Pattaya, struggling along for the past 7 months with a handful of domestic tourists and Bangkok weekenders, has had its busiest weekend for a long time, albeit a long weekend created by the public holiday in commemoration of King Chulongkorn. Much of the increased traffic were Thai faces, a big change to the city’s old demographic of international tourists and expats.

Tourists flocked to the city for the long weekend which included the Eastern Colorful Food, Culture and Music festival stretching along the Beach Road foreshore.

The focus of the weekend’s events was the Beach Road which was visibly busy with expats, locals and tourists joining in the foreshore festival, talent shows, music concerts and local food. Central Festival, in the middle of the Beach Road, hosted a range of activities and shows.

Several proprietors with businesses in the city’s red light areas also told The Thaiger that it was the busiest they’d seen areas like Walking Street and Soi 6 since the tourist tap slowed to a dribble after the borders were closed down in late March.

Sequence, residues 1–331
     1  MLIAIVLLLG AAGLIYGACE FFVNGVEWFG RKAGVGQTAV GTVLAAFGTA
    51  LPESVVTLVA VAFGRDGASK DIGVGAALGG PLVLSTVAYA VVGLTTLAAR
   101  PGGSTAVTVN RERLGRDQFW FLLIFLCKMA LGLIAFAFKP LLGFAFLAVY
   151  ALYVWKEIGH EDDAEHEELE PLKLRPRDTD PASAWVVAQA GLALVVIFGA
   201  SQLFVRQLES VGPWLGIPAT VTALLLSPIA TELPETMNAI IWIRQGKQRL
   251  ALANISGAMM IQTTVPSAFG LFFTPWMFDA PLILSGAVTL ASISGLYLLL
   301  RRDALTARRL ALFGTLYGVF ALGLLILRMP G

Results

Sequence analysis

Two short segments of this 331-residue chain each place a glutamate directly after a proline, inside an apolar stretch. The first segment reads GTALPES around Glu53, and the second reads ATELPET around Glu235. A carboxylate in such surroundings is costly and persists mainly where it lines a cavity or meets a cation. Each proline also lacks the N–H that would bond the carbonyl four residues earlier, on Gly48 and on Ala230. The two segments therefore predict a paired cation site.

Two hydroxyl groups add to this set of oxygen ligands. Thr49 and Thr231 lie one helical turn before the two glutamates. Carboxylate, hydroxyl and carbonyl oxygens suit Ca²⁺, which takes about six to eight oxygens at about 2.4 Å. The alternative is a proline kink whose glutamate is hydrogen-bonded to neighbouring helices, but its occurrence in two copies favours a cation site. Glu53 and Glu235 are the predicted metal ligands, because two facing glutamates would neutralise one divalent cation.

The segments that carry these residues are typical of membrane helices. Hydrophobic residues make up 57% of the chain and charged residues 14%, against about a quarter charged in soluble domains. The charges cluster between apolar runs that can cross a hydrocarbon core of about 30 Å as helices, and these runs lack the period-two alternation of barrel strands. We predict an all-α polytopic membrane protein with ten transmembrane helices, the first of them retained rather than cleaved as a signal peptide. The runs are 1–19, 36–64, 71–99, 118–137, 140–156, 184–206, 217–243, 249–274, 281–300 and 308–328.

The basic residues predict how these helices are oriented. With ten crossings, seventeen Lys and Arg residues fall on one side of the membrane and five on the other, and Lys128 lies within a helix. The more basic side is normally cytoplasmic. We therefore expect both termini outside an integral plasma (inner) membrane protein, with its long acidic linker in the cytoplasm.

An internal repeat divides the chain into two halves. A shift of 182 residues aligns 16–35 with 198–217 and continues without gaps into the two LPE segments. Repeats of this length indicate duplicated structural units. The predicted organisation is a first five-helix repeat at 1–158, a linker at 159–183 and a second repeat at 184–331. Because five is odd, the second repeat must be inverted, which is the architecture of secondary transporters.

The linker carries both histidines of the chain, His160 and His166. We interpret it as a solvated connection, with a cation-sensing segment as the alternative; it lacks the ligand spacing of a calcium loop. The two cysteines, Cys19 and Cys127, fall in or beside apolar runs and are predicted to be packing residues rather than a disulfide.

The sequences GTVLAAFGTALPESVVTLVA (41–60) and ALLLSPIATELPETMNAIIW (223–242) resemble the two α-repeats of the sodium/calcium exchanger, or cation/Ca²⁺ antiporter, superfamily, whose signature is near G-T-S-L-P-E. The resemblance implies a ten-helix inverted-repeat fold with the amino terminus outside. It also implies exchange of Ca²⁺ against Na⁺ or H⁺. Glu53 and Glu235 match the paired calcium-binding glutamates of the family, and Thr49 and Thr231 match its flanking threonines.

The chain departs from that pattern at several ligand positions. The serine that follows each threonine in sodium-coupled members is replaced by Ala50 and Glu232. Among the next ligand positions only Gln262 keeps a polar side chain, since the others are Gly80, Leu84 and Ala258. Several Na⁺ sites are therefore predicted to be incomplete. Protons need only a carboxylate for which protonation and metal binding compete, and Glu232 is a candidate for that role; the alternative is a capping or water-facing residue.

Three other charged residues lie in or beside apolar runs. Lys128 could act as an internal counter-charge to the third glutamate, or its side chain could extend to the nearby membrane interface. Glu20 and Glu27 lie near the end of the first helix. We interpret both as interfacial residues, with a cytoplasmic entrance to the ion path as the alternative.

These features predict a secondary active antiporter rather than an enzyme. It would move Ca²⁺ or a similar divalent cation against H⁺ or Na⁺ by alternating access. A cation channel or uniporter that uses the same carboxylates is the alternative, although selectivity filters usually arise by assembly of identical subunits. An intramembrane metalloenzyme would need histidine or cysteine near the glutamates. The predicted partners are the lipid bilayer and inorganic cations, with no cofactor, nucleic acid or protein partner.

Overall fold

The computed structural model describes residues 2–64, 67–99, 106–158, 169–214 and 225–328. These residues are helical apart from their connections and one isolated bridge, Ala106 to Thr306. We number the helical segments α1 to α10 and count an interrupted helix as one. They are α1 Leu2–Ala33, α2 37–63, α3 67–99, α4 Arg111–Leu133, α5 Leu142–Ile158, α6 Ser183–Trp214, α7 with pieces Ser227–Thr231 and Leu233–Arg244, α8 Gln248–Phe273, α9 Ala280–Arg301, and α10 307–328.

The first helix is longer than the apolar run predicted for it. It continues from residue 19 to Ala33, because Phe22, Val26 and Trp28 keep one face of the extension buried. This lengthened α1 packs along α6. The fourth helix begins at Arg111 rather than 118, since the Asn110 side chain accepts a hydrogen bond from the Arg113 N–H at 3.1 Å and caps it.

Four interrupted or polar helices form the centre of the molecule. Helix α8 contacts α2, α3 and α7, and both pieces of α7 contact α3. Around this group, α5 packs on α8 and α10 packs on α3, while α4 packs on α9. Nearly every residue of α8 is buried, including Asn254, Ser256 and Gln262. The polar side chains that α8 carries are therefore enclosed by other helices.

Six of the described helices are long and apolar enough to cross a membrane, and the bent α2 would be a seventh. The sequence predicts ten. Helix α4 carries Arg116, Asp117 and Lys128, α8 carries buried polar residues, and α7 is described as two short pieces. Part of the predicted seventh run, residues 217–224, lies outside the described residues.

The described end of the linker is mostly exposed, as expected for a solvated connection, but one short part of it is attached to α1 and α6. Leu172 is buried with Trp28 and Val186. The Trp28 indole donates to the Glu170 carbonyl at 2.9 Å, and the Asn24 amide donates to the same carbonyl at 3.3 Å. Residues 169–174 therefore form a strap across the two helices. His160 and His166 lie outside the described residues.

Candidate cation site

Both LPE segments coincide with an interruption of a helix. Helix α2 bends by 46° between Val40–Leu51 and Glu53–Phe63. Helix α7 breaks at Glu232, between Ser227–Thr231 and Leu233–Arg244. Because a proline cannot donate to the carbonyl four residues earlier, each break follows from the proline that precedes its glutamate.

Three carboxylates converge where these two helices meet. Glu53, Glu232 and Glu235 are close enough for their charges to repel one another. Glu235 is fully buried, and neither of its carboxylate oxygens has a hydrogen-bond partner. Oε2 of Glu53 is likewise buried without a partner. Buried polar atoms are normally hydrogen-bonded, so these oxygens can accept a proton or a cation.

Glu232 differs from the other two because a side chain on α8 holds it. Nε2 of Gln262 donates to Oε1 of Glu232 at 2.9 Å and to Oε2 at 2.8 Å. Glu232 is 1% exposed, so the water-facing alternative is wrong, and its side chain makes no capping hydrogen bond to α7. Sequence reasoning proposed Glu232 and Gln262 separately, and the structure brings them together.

The city, along with the rest of Thailand, might have a few more good weeks ahead with the Loy Krathong and Halloween celebrations. The Central Festival Bikini Beach Run is also being held next week. Around the corner the Fireworks Festival on November 27 and 28, a seafood festival, and not too far away, Christmas and New Year celebrations.

Speaking to a number of participants in the foreshore festival on Friday evening, some people said they’d come down from Bangkok to escape the threat of disruptions from the ongoing government protests. Chad said he needed a Bangkok Break…

“Just had to escape for the weekend and get out of the city. All anyone is talking about now is the protests and I needed a bit of Pattaya pampering.”

Another expat, working in the tourism sector, (who didn’t want to be named) noted that Pattaya’s famous (or infamous) nightlife had sprung back to life.

“It didn’t take long for the bargirls to flood back and the shutters open on the bars again. Most of the faces I’m seeing are Thai. I figure it may be the first visit to Pattaya for many of them. Let’s hope they keep coming.”

“Very happy to see the events and festivals are coming back to Pattaya. We will see more in the last 2 months of the year,” said Sawas Dee.

Beyond the foreshore area there was still much of the city still closed up and hotels were offering excellent rates through the usual OTAs. Pattaya is still in a struggle to keep its businesses open but at least the last 3 days have given a much-need boost to city life.

The Thaiger has a full story about Pattaya’s struggles on our YouTube channel tomorrow.

Watch a quick video from Sawas Dee here…

SOURCE: The Pattaya News